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The Ohio Seventh District Court of Appeals is one of twelve districts in Ohio and include eight counties and their court systems. The counties consist of: Belmont, Carroll, Columbiana, Harrison, Jefferson, Mahoning, Monroe, and Noble.


The Ohio Courts of Appeals were established in 1851 by Article IV, Section 1, of the Ohio Constitution and their jurisdiction is outlined in Article IV, Section 3, of the Ohio Constitution.


The primary function of the Ohio Courts of Appeals is to hear appeals from the common pleas courts (except cases in which the death penalty was imposed for offenses committed after January 1, 1996), municipal courts, county courts, Court of Claims, Board of Tax Appeals and other administrative agencies within their districts. Courts of appeals have jurisdiction to review the judgments of these trial courts and to affirm, modify, reverse, or enter final judgments. In addition to their appellate jurisdiction, the Ohio Courts of Appeals have original jurisdiction to hear applications for writs of habeas corpus, mandamus, procedendo, prohibition, and quo warranto.


Judges of the court of appeals are elected by the voters in the court's district. There are 69 court of appeals judges statewide. Each is elected to a six year term on a non-partisan ballot in even numbered years. Vacancies on a court of appeals between elections are filled by an appointment by the Ohio Governor. The court travels so that cases are heard in each of the district's eight counties.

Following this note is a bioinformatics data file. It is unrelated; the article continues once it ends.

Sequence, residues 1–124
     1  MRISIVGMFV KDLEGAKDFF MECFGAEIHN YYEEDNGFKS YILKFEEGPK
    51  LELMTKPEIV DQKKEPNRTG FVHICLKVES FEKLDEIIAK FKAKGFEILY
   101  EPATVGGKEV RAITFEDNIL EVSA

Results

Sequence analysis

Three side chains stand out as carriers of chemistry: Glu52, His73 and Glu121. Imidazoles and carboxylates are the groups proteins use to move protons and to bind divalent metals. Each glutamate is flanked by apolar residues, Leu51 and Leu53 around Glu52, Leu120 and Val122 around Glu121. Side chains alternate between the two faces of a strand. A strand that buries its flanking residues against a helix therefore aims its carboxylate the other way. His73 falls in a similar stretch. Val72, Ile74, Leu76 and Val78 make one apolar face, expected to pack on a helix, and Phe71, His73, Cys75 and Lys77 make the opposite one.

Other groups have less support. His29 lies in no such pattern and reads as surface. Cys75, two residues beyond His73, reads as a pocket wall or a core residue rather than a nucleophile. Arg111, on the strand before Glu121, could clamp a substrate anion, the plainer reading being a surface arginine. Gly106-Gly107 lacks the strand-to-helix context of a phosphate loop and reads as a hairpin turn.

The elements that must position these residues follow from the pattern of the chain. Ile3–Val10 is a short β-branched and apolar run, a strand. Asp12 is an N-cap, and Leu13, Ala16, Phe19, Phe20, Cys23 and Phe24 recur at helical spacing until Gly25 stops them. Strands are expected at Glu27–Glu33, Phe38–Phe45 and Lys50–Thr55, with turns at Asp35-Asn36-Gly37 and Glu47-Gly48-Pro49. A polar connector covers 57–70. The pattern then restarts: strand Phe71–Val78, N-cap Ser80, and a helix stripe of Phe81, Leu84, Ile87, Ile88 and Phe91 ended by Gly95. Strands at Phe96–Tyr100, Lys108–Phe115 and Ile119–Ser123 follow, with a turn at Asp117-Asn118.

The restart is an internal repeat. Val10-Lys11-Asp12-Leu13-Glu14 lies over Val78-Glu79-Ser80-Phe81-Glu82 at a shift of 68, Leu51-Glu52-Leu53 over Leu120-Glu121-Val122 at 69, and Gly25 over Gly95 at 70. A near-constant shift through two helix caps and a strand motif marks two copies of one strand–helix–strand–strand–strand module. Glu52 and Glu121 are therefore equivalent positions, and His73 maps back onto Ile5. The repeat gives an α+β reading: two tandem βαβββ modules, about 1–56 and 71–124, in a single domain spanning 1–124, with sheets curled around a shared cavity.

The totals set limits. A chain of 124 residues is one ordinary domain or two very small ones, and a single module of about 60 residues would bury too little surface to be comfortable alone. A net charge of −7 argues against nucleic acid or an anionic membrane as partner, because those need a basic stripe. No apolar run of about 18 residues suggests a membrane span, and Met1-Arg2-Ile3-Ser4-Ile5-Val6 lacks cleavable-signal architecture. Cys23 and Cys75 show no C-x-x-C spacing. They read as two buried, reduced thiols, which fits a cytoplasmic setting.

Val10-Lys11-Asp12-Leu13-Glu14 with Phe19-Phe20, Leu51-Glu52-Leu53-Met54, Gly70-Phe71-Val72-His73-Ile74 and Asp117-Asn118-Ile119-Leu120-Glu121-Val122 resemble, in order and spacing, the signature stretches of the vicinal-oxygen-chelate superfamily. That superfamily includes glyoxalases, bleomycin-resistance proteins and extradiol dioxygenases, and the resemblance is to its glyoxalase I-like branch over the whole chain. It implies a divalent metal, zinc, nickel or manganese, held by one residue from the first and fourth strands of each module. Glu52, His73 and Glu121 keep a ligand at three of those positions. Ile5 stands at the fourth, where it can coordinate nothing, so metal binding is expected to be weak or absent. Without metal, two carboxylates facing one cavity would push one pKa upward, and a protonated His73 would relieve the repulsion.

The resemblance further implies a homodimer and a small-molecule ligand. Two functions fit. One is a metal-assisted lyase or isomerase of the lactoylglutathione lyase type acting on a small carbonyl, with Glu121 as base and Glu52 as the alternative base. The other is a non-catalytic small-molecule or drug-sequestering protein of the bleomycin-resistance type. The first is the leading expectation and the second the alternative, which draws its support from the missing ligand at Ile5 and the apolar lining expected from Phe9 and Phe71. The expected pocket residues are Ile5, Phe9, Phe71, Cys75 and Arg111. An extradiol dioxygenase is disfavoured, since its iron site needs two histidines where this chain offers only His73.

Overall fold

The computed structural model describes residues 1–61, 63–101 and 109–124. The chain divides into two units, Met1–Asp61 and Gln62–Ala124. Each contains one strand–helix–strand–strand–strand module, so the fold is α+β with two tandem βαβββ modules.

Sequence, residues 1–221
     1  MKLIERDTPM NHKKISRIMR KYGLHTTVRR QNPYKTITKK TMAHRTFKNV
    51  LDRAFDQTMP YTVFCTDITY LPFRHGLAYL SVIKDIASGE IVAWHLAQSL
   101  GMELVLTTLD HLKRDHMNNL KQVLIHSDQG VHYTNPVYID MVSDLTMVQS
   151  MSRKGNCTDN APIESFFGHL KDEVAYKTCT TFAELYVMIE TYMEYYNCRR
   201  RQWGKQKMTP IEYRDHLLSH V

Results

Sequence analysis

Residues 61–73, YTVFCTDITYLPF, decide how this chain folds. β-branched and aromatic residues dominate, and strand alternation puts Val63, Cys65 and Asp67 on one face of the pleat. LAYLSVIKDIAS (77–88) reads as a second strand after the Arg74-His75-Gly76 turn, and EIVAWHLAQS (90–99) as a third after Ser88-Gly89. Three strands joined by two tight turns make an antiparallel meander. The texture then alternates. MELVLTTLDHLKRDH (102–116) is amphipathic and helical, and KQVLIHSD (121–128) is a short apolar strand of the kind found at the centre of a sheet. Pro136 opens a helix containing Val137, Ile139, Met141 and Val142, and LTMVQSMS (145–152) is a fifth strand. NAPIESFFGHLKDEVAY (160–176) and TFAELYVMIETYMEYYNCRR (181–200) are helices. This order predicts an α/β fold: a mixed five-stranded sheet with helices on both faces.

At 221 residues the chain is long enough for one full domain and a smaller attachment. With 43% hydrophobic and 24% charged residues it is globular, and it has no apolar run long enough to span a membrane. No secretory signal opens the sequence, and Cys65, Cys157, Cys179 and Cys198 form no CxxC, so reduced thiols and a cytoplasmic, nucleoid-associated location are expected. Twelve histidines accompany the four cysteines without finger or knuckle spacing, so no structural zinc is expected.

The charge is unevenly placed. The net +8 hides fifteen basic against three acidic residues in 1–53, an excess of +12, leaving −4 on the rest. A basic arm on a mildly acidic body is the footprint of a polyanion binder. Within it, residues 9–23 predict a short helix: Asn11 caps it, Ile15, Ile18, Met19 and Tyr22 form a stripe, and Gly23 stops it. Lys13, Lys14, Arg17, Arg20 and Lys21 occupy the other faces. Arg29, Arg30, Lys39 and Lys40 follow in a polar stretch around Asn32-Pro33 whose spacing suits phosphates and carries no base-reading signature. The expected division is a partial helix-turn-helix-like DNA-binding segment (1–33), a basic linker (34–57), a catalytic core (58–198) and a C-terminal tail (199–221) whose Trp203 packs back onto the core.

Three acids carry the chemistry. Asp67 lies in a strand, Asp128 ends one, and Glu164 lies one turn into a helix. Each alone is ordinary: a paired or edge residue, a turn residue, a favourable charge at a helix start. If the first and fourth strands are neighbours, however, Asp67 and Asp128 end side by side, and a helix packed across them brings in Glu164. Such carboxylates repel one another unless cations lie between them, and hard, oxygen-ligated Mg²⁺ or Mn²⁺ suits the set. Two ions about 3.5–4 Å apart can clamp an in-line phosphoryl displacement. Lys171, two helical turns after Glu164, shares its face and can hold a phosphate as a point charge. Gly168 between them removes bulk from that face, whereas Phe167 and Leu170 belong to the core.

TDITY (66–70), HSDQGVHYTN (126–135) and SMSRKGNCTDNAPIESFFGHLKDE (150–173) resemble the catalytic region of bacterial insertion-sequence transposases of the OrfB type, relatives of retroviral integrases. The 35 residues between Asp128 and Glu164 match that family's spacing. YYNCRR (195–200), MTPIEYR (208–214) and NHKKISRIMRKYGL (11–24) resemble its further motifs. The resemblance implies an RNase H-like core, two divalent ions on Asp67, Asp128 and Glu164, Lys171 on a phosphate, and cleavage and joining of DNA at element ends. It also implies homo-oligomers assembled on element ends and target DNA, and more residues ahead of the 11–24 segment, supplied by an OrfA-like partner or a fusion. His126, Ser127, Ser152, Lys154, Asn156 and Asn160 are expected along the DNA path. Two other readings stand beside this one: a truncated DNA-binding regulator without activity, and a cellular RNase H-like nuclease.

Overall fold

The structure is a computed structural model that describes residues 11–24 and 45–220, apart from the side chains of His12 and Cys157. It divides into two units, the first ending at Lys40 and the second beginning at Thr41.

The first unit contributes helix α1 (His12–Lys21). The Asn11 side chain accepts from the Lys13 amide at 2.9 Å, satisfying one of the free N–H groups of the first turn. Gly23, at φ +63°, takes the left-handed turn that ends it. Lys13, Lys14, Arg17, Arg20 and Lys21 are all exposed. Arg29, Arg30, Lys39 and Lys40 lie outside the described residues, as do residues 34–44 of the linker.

Cases before the court of appeals are heard by three-judge panels. The panels are randomly selected for each case. The court's decision in a case takes the form of a written opinion. The agreement of at least two judges is required for the court to make a decision. A judge who does not agree may write a dissenting opinion giving that judge's reasons why that judge would have decided the appeal differently.


Attorneys for all litigants have previously submitted to the court written briefs on the applicable law. The briefs contain written arguments on how the law should be applied given the facts in the case. Each judge on the panel has read the briefs, and has referred to the record in the case. The record consists of copies of all of the filings in the case, as well as a transcript of what was presented to the trial court. A written opinion is usually issued within sixty days of the oral argument.


The decision of the court of appeals may be appealed to the Supreme Court of Ohio. Unlike the Courts of Appeals, the Supreme Court does not have to accept an appeal, save and except death penalty appeals. The Supreme Court will hear cases of great public interest that affect a great number of citizens of our state or a case that presents an Ohio constitutional question. Also, if there is a conflict of opinion on a legal issue between appellate courts of the state, the Supreme Court will hear the case to resolve said issue.

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